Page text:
TULUM, Mexico – The recent unveiling of the Felipe Carrillo Puerto International Airport has stirred a fervor of optimism within the Tulum community, accompanied by a chorus of diverse perspectives. Amidst the excitement, questions linger about the enigmatic figure behind the airport’s name—Felipe Carrillo Puerto. As we explore this historic moment, we embark on a journey into the life of a man whose legacy continues to shape the identity of Tulum and the broader Mexican region.
Born on November 8, 1847, in Motul, Yucatán, Felipe Carrillo Puerto emerged as a multifaceted force—politician, journalist, revolutionary leader, and governor of Yucatán from 1922 to 1924. The second of 14 children born to Adela Puerto and Justino Carrillo, his early education took place in the local school and Mérida. Fluent in the Mayan language since childhood, Carrillo Puerto’s lifelong commitment to championing the rights of the indigenous Maya people began to take root.
At the age of 18, he found himself incarcerated for urging the community to dismantle a barrier erected by Dzununcan landowners, obstructing the passage of Maya indigenous people.[^1^]
Carrillo Puerto’s involvement in the Mexican Revolution within the Zapatista movement was marked by his advocacy for the 1857 Constitution among the Maya Indians and laborers on the henequen haciendas. Establishing the Partido Socialista del Sureste (formerly known as the Partido Socialista Obrero de Yucatán) when armed conflict reached the peninsula, he led the legislature of his state in 1918 and called for elections. Fleeing persecution by the Carrancistas, he returned in 1920 to align with the Plan de Agua Prieta, working to nullify state powers and securing a seat as a deputy in the Congress of the Union.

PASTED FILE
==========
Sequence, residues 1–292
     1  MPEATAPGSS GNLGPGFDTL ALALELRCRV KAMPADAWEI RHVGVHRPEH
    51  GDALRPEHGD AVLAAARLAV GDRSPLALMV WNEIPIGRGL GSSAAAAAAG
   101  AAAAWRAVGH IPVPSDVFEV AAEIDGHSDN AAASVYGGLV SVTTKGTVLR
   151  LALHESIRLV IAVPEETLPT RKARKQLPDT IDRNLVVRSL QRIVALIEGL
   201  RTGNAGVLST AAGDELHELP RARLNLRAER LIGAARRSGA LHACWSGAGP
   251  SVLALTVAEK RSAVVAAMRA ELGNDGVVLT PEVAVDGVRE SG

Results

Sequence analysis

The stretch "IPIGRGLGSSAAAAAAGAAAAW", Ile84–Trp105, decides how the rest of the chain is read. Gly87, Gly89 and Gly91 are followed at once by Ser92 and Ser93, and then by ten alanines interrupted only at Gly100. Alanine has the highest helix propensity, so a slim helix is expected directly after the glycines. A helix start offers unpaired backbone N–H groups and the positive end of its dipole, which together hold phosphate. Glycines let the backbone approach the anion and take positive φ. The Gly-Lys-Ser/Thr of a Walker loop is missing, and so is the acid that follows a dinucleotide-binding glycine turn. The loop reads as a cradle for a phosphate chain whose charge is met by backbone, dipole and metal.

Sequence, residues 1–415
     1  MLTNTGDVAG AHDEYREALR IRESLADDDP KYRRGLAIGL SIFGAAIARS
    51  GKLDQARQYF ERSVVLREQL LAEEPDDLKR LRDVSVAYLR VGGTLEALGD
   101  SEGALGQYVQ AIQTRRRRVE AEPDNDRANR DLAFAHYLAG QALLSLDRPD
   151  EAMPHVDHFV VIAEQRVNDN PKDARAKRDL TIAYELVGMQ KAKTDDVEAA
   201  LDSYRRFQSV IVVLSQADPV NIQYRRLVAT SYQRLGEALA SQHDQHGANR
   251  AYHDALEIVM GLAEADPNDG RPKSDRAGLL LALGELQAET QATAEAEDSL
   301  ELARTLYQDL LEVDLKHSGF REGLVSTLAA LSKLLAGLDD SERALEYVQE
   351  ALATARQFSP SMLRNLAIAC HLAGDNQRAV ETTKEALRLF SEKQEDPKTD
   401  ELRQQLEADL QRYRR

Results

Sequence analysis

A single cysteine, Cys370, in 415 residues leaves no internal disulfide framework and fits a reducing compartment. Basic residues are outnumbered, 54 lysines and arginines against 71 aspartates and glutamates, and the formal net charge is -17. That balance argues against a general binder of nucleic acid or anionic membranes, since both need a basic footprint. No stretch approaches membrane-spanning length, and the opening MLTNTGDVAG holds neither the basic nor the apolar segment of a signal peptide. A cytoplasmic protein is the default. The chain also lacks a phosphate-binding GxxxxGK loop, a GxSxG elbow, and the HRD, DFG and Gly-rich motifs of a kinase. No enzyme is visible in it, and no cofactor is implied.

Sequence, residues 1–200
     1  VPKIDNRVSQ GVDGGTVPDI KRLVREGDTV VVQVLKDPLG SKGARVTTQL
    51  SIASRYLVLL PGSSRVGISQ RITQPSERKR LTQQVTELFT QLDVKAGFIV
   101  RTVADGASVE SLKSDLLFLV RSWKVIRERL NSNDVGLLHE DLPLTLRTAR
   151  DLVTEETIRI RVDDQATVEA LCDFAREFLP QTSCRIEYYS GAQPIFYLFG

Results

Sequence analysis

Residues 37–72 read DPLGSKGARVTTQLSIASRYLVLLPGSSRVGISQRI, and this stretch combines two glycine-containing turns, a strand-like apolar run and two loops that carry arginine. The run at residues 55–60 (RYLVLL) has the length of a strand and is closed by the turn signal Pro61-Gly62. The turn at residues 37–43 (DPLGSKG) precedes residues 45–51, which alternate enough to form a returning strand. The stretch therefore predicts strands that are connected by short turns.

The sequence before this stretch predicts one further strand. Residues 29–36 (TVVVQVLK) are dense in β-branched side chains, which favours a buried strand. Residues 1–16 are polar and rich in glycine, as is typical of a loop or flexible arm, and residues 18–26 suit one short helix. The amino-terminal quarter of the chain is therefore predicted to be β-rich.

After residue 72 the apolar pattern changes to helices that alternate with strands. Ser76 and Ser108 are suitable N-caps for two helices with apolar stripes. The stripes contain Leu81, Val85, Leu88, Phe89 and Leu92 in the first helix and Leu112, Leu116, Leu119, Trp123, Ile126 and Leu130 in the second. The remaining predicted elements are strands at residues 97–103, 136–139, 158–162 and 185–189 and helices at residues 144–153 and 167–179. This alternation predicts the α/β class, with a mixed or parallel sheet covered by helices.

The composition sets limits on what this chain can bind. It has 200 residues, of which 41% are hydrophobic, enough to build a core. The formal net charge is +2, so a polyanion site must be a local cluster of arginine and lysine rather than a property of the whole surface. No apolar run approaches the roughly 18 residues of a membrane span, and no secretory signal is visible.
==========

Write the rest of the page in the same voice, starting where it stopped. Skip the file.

Assuming the governorship in 1922, Carrillo Puerto delivered his inaugural speech in the Mayan language, a symbolic gesture reflecting his deep connection to the indigenous population. His progressive administration implemented “cultural Fridays” and granted women full political rights to vote and stand for office. Instituting the revocation of elected officials upon popular demand, he tirelessly advocated for the underprivileged sectors, distributing “red cards” signifying party affiliation. Declaring the henequen industry a matter of public interest, he regulated production, established the Export Commission of Yucatán, and championed the League of Medium and Small Henequen Producers. Carrillo Puerto also revitalized land distribution, founded the Local Agrarian Commission, and communalized ejido production. Moreover, he pioneered socialist schools, created the Mexican Academy of Mayan Language, and founded the University of the Southeast.[^2^]
In 1923, Carrillo Puerto faced the challenge of quelling Adolfo de la Huerta’s rebellion against President Álvaro Obregón. Forced abroad due to the insurgents’ influence in Yucatán, he narrowly escaped a shipwreck and, upon surrendering to the leaders of the Cooperative Party supporting the rebellion, was ousted from power. Captured in Holbox, Quintana Roo, on December 21, 1923, he met his tragic end through execution on January 3, 1924, alongside eleven others, including some of his siblings.[^3^]
Acknowledging his contributions, the State Congress declared Carrillo Puerto a Meritorious Citizen of the State of Yucatán in 1927. Revered as the “Apostle of the Race” for his advocacy of the Mayan language and indigenous communities, his legacy lives on, now symbolized by the recently inaugurated Felipe Carrillo Puerto International Airport in Tulum. The airport stands not only as a testament to connectivity and progress but also as a reflection of the enduring spirit of a leader who dedicated his life to the betterment of his people.